I’m not a big fan of kimchi. In fact, I hated it until about a year ago when I got to taste the kimchi rice one of our Korean bosses cooked for the office.
I have memories of my dad making basins full of kimchi at home, and the “leaking gas” smell associated with it. I’ve seen him salt the lettuce, spread the kimchi paste, and place the finished product in jars, but I’ve never once bothered trying to learn how to do it until I ate kimchi rice and found that I liked it.
And so I went on the internet to find the easiest way of making kimchi. It wasn’t difficult finding a recipe I could work with – kimchi is such an easy dish to make and you can use almost any kind of ingredient that you like that the hard part is choosing what kind to make!
But first, what exactly is kimchi? It’s most commonly Chinese or napa cabbage (and some other vegetables like carrots, green onions, leeks and radish) that has been seasoned and pickled and can be eaten as a side dish in Korean cuisine or cooked with other ingredients to make new dishes. Other varieties of kimchi can be made using cucumber, radishes, and other vegetables.
I found and adapted a mak kimchi or easy kimchi recipe for my needs and ingredient availability. For this, I used Chinese cabbage.
Green onions, chopped in 1″ slices
Carrots, julienned in 1″ slices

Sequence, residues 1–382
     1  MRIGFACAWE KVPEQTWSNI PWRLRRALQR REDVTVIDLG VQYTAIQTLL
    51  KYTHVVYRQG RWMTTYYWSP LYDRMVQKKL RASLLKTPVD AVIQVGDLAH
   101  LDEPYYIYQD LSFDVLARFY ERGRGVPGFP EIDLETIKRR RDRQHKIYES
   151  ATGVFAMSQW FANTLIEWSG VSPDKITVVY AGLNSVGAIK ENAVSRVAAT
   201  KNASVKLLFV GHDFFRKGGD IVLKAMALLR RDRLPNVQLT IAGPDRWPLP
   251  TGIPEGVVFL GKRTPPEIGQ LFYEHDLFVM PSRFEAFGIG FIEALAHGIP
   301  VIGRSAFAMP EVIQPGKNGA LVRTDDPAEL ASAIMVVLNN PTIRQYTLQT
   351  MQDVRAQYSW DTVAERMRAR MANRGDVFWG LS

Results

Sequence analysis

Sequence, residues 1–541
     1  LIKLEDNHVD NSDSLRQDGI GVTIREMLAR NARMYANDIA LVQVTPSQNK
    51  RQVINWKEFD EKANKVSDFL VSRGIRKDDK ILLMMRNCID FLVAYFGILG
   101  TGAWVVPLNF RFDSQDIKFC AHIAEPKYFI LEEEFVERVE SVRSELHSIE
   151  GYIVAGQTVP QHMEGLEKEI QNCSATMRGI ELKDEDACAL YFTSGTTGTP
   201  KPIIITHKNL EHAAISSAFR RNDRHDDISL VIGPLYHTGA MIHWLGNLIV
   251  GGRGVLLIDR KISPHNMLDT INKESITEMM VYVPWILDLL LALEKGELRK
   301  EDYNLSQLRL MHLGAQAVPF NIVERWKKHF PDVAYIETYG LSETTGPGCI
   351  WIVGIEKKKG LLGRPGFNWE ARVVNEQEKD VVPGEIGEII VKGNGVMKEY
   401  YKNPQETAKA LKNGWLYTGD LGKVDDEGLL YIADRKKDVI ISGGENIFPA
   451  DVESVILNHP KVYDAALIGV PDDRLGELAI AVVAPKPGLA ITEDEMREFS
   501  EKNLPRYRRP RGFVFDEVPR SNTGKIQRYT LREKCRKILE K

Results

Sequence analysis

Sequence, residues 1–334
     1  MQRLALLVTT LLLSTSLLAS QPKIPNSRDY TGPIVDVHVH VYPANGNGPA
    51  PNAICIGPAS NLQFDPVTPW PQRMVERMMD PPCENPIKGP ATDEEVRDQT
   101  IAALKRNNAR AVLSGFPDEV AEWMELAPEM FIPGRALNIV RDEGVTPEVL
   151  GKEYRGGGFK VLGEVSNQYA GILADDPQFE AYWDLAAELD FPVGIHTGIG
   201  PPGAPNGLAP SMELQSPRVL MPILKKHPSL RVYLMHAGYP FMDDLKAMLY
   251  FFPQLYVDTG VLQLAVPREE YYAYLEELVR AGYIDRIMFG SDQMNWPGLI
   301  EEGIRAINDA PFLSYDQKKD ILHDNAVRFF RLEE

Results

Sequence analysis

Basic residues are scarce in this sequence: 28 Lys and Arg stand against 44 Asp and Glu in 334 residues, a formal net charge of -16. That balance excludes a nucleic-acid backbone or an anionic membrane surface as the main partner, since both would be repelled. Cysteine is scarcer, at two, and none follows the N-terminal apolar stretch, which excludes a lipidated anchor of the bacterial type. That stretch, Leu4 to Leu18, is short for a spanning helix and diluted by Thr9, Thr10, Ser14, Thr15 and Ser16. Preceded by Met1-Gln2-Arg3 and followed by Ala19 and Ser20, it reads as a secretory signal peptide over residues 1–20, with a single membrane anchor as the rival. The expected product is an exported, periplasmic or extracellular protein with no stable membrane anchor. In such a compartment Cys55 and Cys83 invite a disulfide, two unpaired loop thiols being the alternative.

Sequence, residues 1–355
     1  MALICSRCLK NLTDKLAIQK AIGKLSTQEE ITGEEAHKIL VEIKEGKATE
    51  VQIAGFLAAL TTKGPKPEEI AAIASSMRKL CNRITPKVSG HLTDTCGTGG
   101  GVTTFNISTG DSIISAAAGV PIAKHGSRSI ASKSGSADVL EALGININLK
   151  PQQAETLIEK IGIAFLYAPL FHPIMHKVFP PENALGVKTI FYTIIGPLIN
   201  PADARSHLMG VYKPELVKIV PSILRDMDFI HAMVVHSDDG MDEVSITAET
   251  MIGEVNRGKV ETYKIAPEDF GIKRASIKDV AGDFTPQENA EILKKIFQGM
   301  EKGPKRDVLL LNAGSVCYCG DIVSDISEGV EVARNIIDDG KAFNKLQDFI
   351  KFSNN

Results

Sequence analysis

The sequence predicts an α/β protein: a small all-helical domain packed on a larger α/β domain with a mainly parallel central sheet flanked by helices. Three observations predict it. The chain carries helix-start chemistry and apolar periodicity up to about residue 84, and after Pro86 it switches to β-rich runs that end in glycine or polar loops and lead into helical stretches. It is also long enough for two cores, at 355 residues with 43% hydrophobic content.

Radish, julienned in 1″ slices
Korean chili powder
Preparing the cabbage:
Wash and drain the cabbages under running water. Chop it lengthwise into quarters and remove the core. Chop into bite-sized pieces of about 1-2″ long.
Soak the chopped cabbages in cold water and transfer to a large basin. Sprinkle salt generously over the cabbage pieces until all are covered with salt. Turn the cabbages to spread the salt evenly every 30 minutes. Total salting time should be around 1 1/2 hours.
After 1 1/2 hours, rinse the cabbages in cold water three times to clean it. Drain and set aside.
Preparing the kimchi paste:
Mix all of the remaining ingredients together. Adjust according to taste.
Mix the kimchi paste and cabbages in a large basin by hand. If you’re sensitive about your hand burning, use gloves. I didn’t, and my hands burned for about two hours. Make sure that all cabbage pieces have been coated with the paste.
Once all the cabbage pieces have been coated with paste, transfer the newly-mixed kimchi to an air-tight plastic container or glass jar. I chose to put my kimchi in glass jars for easier storage in the refrigerator.
You can choose to eat the kimchi immediately or wait a few hours or days until it has fermented. We choose to wait, because we like it a little sour.
So far, I have used my kimchi in two other recipes: kimchi bokkeumbap (kimchi fried rice) and kimchi chigae (kimchi stew). Both came out great. 😀 I’ll post those next time we make them, because I don’t think we took photos last time.
This recipe has been adapted from Maangchi’s Easy Kimchi recipe.